The first of two GDS projects during our 2nd Year of GGT, initially we gathered quite a large team. However due to Group Project work the group size was reduced down to three – which later proved ideal for this small project.
Our final presentation slides explain Junk rather nicely!
My own work for Junk centered around implementing Box2D, and the physics bodies for falling objects.
In an unexpected last minute twist (not like its happens frequently…) we discovered that our prototype played a little too well. We actually left one running during a team meeting and watched the high score climb… Right before the final presentation we came with the idea of flipping round our concept – no longer a Tetris eliminate a row style game, but to stack the objects to the objective without creating any horizontal rows.
The result was a superbly difficult game – with only a handful of testers actually winning during the GDS showcase.
An early submission for Graphics Programming – we were tasked with creating a 2D sprite game before moving on towards OpenGL.
I had been playing alot of Dark Souls at the time, so decided to go about creating a simple representation of a boss fight.
Though simple I attempted to recreate Dark Souls stamina system as accurately as possible, with stamina being consumed for attacking and blocking incoming damage – and regenerating only while not blocking.
Overall mechanically this was a very simple game – I believe I spent more time in Photoshop cutting out screen shots of a knight and creating the sprite sheets…
Disc Wars! was a Tron themed 2D sprite game created for the first submission for Console Development.
At the time we in the process of learning and developing a framework for the Playstation 2 using the Linux development kits.
Most of the work for this submission was based around playing around with the frameworks sprite class. At this point we had not covered loading in textures , so I explored playing with the drawing information being passed to create gradients and patterns.
The player controls the grey triangle – with forwards/backwards and rotational movement only. The black line within the rings indicates the current direction of incoming discs – which must be dodged by the player. During the game the center rings will pulse and rotate before settling on a new direction – changing the direction of all the discs in doing so.
This project was created during the first year of the Game Development Society, by team WhatATwist.
After a group discussion about preferred types of games, we settled on the idea of creating a 3D puzzle platformer. We also realized that we would require at least one major mechanic for this prototype. The idea of light and colour – where there would be one major source of light within a level, and the player would have to alter its colour to progress through was chosen to be further developed.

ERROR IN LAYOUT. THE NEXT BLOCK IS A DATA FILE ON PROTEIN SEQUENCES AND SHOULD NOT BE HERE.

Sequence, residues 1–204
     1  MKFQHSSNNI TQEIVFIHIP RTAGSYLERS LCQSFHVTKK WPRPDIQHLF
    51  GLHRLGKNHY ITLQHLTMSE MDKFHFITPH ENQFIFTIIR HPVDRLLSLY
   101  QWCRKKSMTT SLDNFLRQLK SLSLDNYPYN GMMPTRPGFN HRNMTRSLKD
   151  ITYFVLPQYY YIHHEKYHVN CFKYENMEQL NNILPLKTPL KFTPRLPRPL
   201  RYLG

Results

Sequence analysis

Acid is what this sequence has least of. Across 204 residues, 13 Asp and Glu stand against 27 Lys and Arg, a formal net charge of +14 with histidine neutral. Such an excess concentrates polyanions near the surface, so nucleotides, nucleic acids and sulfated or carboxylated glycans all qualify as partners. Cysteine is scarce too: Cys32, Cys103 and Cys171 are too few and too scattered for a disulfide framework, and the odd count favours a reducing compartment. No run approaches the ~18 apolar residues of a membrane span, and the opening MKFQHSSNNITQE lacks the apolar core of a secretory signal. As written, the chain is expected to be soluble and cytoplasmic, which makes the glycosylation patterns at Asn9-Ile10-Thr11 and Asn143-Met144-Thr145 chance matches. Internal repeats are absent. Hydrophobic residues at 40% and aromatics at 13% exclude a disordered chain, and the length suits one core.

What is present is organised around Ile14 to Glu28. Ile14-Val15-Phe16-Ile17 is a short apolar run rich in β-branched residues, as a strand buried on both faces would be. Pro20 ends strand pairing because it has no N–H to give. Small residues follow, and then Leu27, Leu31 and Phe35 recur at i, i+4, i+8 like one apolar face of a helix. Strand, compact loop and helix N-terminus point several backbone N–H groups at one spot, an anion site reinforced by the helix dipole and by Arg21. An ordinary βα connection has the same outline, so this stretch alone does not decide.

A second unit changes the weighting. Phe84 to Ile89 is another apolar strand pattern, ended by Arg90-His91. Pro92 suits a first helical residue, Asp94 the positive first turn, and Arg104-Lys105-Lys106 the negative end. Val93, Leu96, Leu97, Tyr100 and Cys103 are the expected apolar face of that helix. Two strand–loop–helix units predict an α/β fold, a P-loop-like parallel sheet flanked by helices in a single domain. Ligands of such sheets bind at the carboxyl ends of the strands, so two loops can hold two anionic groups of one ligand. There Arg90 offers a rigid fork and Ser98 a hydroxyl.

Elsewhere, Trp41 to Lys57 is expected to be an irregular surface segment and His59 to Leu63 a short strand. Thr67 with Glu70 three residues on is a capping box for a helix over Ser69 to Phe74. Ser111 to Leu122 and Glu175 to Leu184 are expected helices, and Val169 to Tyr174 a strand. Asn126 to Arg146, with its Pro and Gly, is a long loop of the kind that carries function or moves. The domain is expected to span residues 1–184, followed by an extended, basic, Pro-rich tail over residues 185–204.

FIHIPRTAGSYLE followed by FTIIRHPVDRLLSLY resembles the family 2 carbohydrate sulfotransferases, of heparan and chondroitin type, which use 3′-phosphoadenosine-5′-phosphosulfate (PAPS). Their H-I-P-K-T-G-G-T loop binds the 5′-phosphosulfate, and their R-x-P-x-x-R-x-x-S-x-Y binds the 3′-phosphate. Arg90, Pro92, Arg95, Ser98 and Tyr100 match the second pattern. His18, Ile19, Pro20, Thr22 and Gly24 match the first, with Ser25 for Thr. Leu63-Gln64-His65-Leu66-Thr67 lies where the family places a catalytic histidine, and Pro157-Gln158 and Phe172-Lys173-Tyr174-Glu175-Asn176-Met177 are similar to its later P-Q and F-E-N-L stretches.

Given our initial idea, it was suggested that we explore the Unity 3D engine to produce our prototype.
My own contributions were creating the platform meshes / prefabs, and creating test levels for the prototype. Quite a few of the team attempted level design and quickly found it rather difficult to create interesting puzzles.
The first semester of Media Production for Games was an introduction to Maya. The submission consisted of two parts:
– an animation using the supplied Jimmy rig
– a scene created within Maya
I chose to combine the two submissions together, in a attempt to give my animation a little context.
Though my first time using Maya, I had did have previous experience with other 3D modelling packages such as FormZ. The scene created was a small ‘T’ section of octagonal corridor, featuring an airlock.
This was however my first attempt at animation, giving me a good appreciation for the skill involved in making a fluid walk animation.
Both the mesh and rig using for this coursework were supplied by Lynne Parker.
Inspired by Metal Gear Solid’s Soliton Radar, the goal of this coursework was to recreate the game solely in that form for the Game Boy Advance.
The initial part of the coursework was to recreate one of chosen games mechanics, I chose to represent the stealth mechanic.
The guards vision cones were drawn mathematically initially, and later represented as sprites to achieve the desired look.
Previously the hit detection used was per pixel – detecting the current pixel colour. For the final game more advanced radial detection was implemented.
The final submission featured four levels, attempting to roughly replicate the first few areas in Metal Gear Solid – the Dock, Helipad and Tank Hangar.
Along with the SciFiShooter this was one of the very first games I made. The final submission featured patrolling guards, the ability to sneak up and takeout them out – with guards on the 2nd and 4th levels carrying keycards to allow further progression.
This manual was the final piece of this coursework, again heavily based on the styling of the original manual contained within the Playstation version.
This was the final submission for Media Production for Games, and one of my first games! It was built using a combination of Flash Professional and Flash Develop.
The basic concept was to create a defense style shooter, with the protected edge being represented by a section of a large capital ship.
The capital ship alternates between two different states – initially with its large triple turrets taking out any nearby asteroids, then once fully charged the player can activate its defense grid – with the big guns going offline and the gun decks blanketing the area in fire.